"Spiritual persons ought to be equally ready to experience sweetness and consolation in the things of God, or to suffer and keep their ground in drynesses of spirit and devotion, and for as long as God pleases, without their making any complaint about it."

St Philip Neri

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"He who wishes to be perfectly obeyed, should give but few orders."

St Philip Neri

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"It is not God's will that we should abound in spiritual delights, but that in all things we should submit to his holy will."

Blessed Henry Suso

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 St John of the Cross   (1542 - 1591)


 

THE DARK NIGHT (cont)

 

by St John of the Cross

 

Book Two

 

Ch 20. [The remaining five steps of love.]


1. The sixth step makes the soul run swiftly toward God and experience many touches in him. And it runs without fainting by reason of its hope. The love that has invigorated it makes it fly swiftly. The prophet Isaiah also speaks of this step: The saints who hope in God shall renew their strength. They shall take wings like the eagle and shall fly and not faint [Is. 40:31], as is characteristic of the fifth step. The following verse of the psalm also pertains to this step: As the hart desires the waters, so does my soul desire you, my God [Ps. 42:1], for the hart when thirsty races toward the waters.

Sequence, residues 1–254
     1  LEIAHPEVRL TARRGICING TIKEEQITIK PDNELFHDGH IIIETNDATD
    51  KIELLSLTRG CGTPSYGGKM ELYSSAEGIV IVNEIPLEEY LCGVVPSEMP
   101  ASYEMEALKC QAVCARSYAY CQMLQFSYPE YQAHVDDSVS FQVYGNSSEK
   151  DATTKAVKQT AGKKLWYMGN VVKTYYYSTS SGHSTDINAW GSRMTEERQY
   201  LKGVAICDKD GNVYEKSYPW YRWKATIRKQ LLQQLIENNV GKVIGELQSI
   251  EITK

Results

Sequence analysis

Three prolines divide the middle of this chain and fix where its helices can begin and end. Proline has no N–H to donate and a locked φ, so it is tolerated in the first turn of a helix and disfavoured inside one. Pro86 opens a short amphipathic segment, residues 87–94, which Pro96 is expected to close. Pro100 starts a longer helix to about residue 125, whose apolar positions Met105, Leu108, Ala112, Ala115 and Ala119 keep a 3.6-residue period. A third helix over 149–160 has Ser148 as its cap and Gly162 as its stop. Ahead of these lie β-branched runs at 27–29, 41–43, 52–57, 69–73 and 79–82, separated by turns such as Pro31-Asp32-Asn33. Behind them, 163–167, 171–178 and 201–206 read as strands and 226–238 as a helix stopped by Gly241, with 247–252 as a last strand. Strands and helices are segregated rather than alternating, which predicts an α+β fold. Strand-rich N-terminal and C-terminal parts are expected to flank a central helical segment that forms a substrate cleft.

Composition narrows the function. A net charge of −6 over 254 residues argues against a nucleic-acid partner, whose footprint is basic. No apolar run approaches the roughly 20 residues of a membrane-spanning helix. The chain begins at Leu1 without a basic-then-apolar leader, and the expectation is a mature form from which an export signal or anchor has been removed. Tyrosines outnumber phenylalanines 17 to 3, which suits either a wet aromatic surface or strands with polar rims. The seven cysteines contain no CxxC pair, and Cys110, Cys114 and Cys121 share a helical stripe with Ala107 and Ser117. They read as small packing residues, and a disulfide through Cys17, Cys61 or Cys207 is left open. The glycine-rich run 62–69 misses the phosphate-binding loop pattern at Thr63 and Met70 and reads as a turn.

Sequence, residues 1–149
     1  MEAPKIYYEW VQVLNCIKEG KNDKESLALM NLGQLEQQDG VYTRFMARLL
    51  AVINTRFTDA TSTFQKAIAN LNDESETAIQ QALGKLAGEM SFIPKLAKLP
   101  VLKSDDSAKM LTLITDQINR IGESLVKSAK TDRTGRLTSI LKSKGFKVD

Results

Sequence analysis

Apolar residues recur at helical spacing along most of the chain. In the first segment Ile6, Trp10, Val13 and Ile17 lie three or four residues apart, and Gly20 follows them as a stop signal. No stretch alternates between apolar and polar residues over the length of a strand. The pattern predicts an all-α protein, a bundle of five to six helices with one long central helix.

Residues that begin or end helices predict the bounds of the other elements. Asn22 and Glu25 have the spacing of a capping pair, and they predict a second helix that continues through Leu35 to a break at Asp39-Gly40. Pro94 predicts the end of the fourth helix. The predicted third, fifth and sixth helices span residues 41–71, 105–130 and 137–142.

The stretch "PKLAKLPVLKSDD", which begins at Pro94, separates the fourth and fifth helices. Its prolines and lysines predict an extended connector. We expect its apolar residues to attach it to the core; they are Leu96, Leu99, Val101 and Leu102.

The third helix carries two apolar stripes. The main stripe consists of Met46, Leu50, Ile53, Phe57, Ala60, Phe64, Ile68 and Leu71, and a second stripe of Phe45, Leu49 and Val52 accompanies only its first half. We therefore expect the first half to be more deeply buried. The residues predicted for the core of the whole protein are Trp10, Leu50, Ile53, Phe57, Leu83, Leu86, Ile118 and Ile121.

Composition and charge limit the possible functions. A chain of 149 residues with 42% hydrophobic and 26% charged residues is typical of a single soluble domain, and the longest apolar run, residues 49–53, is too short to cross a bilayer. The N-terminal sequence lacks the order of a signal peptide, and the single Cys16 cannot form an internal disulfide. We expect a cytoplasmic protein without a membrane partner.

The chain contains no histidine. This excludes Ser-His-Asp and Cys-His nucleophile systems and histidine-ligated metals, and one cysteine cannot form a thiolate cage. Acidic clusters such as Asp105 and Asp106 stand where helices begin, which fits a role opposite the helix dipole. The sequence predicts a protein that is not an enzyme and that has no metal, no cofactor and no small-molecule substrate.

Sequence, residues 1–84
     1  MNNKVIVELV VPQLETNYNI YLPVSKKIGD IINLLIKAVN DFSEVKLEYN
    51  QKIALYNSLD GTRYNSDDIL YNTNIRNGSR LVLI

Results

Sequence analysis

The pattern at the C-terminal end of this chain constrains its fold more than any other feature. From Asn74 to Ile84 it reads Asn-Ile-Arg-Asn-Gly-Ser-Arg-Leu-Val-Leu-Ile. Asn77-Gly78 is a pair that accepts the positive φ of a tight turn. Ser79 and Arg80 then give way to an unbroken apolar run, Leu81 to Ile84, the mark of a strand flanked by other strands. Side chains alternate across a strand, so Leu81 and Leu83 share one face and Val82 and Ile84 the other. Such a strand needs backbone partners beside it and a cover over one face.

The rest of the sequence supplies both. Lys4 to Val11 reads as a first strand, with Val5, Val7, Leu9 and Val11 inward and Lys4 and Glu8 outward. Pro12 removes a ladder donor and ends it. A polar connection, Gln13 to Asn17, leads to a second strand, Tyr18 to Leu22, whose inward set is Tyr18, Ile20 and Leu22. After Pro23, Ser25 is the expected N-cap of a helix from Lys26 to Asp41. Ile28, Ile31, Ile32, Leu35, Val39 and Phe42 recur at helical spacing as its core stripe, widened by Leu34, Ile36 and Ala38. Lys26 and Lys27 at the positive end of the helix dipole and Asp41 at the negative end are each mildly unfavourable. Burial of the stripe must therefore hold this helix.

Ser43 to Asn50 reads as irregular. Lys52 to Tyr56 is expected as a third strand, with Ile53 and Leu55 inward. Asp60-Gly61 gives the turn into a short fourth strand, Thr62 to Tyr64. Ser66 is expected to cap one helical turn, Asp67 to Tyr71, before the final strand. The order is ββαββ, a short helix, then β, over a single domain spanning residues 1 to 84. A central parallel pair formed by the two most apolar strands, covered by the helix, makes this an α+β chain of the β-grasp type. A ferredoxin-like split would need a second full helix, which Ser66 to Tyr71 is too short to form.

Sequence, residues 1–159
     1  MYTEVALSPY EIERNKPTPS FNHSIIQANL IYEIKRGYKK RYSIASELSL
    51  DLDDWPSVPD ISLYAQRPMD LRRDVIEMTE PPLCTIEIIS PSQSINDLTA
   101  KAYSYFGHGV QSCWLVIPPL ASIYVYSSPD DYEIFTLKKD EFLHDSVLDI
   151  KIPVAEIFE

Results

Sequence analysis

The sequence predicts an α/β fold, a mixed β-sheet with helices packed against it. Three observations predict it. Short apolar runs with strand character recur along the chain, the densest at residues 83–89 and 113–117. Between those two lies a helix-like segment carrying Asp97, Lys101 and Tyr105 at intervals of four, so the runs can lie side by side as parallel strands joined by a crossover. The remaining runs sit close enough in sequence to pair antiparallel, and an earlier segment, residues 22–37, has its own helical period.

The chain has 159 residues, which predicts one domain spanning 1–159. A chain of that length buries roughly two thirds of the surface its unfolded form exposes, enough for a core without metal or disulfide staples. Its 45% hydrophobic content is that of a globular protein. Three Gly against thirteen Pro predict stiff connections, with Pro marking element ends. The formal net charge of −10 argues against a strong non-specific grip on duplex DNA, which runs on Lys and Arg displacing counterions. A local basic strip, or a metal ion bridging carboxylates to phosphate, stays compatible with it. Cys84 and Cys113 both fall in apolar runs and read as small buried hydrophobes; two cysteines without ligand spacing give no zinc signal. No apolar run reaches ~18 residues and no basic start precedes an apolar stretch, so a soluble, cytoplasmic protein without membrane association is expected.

The reason for the swiftness of love on this step is that the soul's charity is now highly increased and almost completely purified, as is also stated in the psalm: Sine iniquitate cucurri (Without iniquity have I run) [Ps. 59:4]; and in another psalm: I have run the way of your commandments, when you enlarged my heart [Ps. 119:32]. The soul is soon brought from the sixth to the seventh step.